Sri Lanka: Economic Crisis Brought The Tamil Fishermen Of Sri Lanka To A Beggar Condition
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Tamil fishermen of Sri Lanka are in pathetic condition. This has been portrayed poignantly by the journalists who went to Mullaitivu in their reports. Mullaitivu has a mostly Tamil population. Due to the acute petroleum crisis, the life of the people here has come to a standstill and their sources of income have dried up. Due to non-availability of kerosene, they have not been able to go to sea with their boats to fish.
As thousands of anti-government agitators stormed the presidential and prime minister’s residences in Colombo, stories of hunger and darkness spread all around Mullaitivu. Kerosene is so expensive in the black market that it is not possible for the fishermen here to buy it. That’s why their boats are standing on the shore. The result has also come to the fore in the form of fish inflation. While fish is a regular part of the diet here. According to some reports, fish is being sold here at a price of more than five and a half hundred rupees (in Indian currency) per kg. The residents of that area told the journalists that due to inflation they are able to eat only once a day.
According to analysts, Mullaitibu is a mirror of the general condition of Sri Lanka. The situation like Mullaitivu is the same in most parts of the country. Sri Lanka is unable to import all the essentials including petroleum due to lack of foreign exchange. Due to this, normal life has become disturbed.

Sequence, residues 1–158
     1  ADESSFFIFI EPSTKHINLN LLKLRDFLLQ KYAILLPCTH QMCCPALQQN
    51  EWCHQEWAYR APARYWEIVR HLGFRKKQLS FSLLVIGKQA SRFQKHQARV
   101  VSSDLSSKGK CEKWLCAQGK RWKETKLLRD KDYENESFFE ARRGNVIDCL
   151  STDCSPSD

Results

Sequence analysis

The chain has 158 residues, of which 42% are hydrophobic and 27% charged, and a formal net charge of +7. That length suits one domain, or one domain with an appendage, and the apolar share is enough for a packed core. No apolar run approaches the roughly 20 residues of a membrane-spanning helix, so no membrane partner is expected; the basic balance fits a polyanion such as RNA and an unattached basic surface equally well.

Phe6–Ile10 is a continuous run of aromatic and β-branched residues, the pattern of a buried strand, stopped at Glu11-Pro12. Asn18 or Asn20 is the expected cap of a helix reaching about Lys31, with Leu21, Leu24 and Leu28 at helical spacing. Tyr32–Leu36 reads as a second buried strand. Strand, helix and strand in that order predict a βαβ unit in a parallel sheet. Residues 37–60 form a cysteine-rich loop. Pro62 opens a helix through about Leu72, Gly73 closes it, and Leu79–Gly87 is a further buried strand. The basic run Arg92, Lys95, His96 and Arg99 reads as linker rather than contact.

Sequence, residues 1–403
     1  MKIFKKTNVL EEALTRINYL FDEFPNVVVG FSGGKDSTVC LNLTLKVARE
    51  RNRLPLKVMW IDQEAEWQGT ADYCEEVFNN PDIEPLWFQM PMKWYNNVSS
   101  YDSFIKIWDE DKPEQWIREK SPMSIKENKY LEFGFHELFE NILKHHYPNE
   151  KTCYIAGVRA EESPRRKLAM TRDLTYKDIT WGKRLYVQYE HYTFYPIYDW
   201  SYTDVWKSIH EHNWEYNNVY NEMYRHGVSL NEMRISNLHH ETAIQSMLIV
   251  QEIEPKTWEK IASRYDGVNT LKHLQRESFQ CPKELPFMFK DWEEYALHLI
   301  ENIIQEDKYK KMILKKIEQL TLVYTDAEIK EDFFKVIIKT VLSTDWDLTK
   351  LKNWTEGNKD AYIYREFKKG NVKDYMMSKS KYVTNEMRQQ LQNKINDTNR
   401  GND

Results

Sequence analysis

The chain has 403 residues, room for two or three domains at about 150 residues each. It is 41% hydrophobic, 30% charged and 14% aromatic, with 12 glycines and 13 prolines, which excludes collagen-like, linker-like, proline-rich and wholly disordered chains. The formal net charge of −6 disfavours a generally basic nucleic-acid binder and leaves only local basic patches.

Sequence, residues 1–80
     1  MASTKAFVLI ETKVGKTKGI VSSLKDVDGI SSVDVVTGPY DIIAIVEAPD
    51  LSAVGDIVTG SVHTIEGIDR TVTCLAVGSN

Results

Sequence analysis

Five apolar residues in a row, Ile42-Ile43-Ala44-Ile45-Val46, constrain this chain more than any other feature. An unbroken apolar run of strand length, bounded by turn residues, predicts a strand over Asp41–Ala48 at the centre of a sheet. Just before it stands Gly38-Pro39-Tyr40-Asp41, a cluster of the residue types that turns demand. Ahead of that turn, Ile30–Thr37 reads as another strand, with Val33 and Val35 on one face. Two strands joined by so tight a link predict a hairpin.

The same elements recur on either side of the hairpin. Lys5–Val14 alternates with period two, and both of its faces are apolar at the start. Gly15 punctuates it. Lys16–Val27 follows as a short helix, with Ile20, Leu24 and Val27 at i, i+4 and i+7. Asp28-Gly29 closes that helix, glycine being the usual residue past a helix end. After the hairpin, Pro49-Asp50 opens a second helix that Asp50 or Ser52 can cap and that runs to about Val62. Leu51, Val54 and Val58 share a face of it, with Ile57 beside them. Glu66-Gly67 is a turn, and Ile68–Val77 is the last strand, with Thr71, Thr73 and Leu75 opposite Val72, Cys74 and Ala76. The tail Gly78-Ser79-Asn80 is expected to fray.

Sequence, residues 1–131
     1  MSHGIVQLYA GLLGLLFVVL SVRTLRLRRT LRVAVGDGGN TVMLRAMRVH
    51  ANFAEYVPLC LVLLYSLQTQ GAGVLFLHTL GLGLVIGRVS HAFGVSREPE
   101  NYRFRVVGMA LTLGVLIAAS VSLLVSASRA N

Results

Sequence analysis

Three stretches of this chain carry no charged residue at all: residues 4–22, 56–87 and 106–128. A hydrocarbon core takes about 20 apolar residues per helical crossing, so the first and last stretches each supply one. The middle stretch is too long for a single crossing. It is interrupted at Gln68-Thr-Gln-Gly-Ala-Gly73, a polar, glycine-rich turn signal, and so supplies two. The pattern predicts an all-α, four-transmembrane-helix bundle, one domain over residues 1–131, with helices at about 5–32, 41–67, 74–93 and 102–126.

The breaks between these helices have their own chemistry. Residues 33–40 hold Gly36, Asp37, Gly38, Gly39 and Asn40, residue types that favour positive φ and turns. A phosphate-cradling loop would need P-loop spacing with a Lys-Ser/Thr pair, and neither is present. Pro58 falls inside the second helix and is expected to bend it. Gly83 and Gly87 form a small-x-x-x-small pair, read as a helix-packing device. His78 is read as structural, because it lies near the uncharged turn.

Ahilan Kadirgamar, a professor of political-economics at Jaffna University, said in a conversation with the website NikEasia.com – ‘The economy has come to a complete standstill. People have no employment options. On one hand the cost of everyday living is increasing, while the income of the people is eroding. Inflation in Sri Lanka stood at 54.6 per cent in June. This is a record. Prior to this, the inflation rate was also recorded in May, when this rate was recorded at 39.1 percent. If we look at the inflation rate of food items, then in June it was 80.1 percent.
The contribution of the fish industry to Sri Lanka’s GDP is 2.7 per cent. About six lakh people got direct or indirect employment from this business. There are more than 50,000 fishermen families in four districts – Mullaitivu, Jaffna, Mannar and Kilinochchi. There are about 15,000 fishing boats in these districts. To go to sea and return by evening, 20 liters of kerosene has to be poured into a boat every day. At one time kerosene was 88 Sri Lankan rupees per litre. Today it is being sold in the black market for Rs 400 to 500 per liter.
The website Nikkai Asia has published the sad story of Mullaitivu laborer Tirukunabalasingham Amruthasan. According to this, this worker has not earned anything for the last two months. They used to wrap fishing nets. From this they used to earn three to four hundred rupees (Indian currency) per day. He had to lose a leg during the civil war. But now he says- ‘During the days of the civil war, we never had to beg and eat, as we have to do now.’